The Things Men Aren’t Supposed to Talk About

A Story of Letting Go

By Jason Smith


“I can’t forgive him,” I said.

He just looked at me. Didn’t say a word.

“I can’t,” I protested. “He’s a sick fuck who tried to molest me. I was only six years old, man. No, this resentment isn’t going anywhere. I’m holding onto this one.”

He looked annoyed.

“Alright, well how about this,” he told me, unimpressed. “How about you get the fuck out of my house and come back when you’re ready to try things my way.” He stood up, ready to usher me from his deck to my car.

Decision time. This guy was my “sponsor.” I was a “drug addict.” All I knew was I wanted to stop “doing drugs” because my life had “gone to shit,” but I didn’t know how. I had shredded my life into pieces, pushing away anybody who I’d ever been close. Friends. Family. Acquaintances. I had nobody. Nothing.

No job. No money. Nothing.

I wasn’t even sure what a sponsor was, but this guy was the only person who seemed to want me around. Every 12-step meeting I went to, all I heard was “get a sponsor,” or, “Have you gotten a sponsor yet?” So I found this guy just to shut them up.

And here he was, teaching me to let go of something that cut my innocence in half at a young age, creating a dividing line of BEFORE and AFTER.

Let me back up to before.


Spring Valley, California, sometime in the mid 1980s. My best friend Jason and I were inseparable. We rode bikes, caught bugs, went fishing, played sports. He lived across the street from me and he was the closest thing I had to a brother. He was my first best friend.

He had a brother named Greg, who was six years older than both Jason and me. I didn’t pay too much attention to Greg. He was older and did whatever it was that older kids did, which was different than the things Jason and I did. There was no reason for him to be a part of my life.

Until the day he changed all of that.

Jason’s parents were gone and he and I were playing with toys in the living room. I’d brought over my He-Man Battle Cat and Castle of Grayskull. Together with Jason’s He-Man toys, we had the whole team assembled to defend the realm of Eternia from Skeletor.

Except we were missing Skeletor.

“Where’s Skeletor?” I asked. It was strange because that was the one action-figure we’d always argue over. It was always there.

Jason just looked down at the carpet, a defeated glance noticeable even to a fellow six-year-old.

There were two bedrooms attached to the living room, one of them being Greg’s. The door to the left was closed, but Greg’s door was slightly open. Skeletor stood just inside the room, waiting for Jason and me to come get.

“Don’t go in there,” Jason told me. “Just leave it there.” I’d never seen Jason so serious before.

“But we need Skeletor,” I protested. “For Snake Mountain.”

“Jason,” he begged. “Don’t do it. Don’t go in there. PLEASE.”

I wasn’t listening. I wanted that toy, and it was just over there. I stood up and walked toward the toy. I think I heard “Jason, don’t!” but I can’t be certain. As soon as I entered the bedroom the door slammed. Greg was standing off to the side of the doorway in a place nobody could see.

I was like a fly who’d been caught in trap, a horrifically spun web with just the right bait.

He was much bigger than I was, and placed his hands on my chest, fingers gripping my armpits, pushing me until I fell back into the open closet. On the way back, I accidentally kicked over Skeletor, who just looked away.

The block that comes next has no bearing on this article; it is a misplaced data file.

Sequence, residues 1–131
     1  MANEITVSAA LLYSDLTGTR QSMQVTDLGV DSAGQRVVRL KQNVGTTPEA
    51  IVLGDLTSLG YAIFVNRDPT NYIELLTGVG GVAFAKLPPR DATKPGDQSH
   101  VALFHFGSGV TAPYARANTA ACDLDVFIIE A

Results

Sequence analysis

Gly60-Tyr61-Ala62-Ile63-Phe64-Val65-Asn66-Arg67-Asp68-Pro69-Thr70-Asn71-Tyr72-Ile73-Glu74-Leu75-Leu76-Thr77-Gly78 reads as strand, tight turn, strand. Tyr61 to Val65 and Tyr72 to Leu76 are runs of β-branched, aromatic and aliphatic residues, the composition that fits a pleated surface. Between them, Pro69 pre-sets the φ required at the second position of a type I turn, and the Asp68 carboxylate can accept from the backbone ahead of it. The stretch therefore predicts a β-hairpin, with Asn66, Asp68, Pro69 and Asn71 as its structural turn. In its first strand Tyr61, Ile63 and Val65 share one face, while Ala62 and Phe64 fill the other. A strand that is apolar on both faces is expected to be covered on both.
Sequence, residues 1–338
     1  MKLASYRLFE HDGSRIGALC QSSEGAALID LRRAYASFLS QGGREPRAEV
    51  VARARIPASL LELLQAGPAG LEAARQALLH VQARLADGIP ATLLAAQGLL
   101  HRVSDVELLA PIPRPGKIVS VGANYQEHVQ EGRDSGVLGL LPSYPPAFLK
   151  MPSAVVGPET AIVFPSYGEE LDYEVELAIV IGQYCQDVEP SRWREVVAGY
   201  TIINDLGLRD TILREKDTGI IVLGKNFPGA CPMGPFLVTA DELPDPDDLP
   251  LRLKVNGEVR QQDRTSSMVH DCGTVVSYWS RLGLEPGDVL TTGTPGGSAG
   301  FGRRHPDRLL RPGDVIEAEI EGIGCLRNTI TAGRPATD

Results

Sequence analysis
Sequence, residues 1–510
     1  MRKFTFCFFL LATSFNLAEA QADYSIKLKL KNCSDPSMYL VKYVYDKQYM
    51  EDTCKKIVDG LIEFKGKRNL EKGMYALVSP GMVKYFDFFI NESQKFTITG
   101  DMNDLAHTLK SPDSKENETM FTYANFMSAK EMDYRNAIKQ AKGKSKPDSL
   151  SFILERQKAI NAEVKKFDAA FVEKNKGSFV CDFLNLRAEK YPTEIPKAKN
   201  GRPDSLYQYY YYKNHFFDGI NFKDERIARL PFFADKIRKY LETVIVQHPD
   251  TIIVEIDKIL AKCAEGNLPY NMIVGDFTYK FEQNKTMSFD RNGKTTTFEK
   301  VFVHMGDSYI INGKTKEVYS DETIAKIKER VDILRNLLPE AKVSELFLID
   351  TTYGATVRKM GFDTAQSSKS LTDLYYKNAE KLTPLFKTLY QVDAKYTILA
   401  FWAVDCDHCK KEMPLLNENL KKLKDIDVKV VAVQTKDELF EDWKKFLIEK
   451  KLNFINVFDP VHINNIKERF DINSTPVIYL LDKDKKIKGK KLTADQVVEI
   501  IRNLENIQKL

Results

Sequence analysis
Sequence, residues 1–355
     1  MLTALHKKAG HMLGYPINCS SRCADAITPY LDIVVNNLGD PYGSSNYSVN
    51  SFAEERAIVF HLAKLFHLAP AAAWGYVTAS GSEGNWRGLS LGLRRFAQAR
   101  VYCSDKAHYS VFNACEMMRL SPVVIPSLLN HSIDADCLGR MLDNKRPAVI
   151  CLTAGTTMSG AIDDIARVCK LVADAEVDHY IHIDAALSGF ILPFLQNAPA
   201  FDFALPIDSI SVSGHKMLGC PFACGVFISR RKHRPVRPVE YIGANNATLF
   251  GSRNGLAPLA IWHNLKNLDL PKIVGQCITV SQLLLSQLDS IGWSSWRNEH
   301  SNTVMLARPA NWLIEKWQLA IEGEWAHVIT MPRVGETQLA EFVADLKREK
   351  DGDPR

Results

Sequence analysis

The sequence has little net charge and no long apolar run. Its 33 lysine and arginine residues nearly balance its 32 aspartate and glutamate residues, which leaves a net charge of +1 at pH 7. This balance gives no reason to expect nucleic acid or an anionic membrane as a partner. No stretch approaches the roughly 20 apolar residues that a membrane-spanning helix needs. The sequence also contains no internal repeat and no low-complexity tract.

“What are you doing?” I asked, confused, scared. “Greg, stop!”

I was surrounded by hanging jackets and T-shirts. I couldn’t see anything. All I could feel was clothes pushing up against my face. Standing up I felt Greg push me back one more time until I hit the back of the closet. It made a loud thumping sound.

“Greg, get off of me,” I begged. But he wasn’t listening. He had a smile on his face as he looked at me. “Just hold still,” he said. “Watch this.”

Reaching down, he unbuttoned my pants. I could feel him trying to reach his hand down, under my pants but above my underwear. I immediately panicked, pushing back as hard as I could and knocking down the rod of clothes, the closet door, and Greg.

He fell onto his back, crushing Skeletor beneath him.

With my pants unbuttoned I ran out of the room. Jason looked at me, surprised I’d made it out so quickly. “Jason,” he yelled as I buttoned my pants, still not sure what in the fuck had just happened. “RUN!”

This time I listened to him. We ran as fast as we could out of the house. I was faster than Jason, but he was running faster than me that day. He ran from that house with a passion and urgency I’d never seen. I’m certain he was trying to outrun more than just me on that day.

Running down the street, I could see my dad in front of our house working on his VW Bus. “Tell your dad,” Jason begged me. “Tell your dad what happened!” As we got closer, my dad overheard our conversation.

“Tell me what?” He asked.

By the time we got to the VW Bus, we were both out of breath. I stood knelt over, hands on my knees, trying to catch my breath while I thought. I wanted to tell my dad what had happened. I swear to God I did. But I also felt embarrassed. Ashamed. I didn’t understand sex or sexuality, but I knew what just happened was wrong. I could feel it.

Jason looked over at me, as if this were finally it. He wanted me to tell my dad so badly, I could see it in his face. This was not just a chance to tell what had happened to me, but could also stop whatever was happening to him. He looked at me, eyes wide open, part trepidation, part excitement, part relief.

All I had to do was tell my dad what happened.

When I opened my mouth to speak, I planned on telling him. I had it all thought out: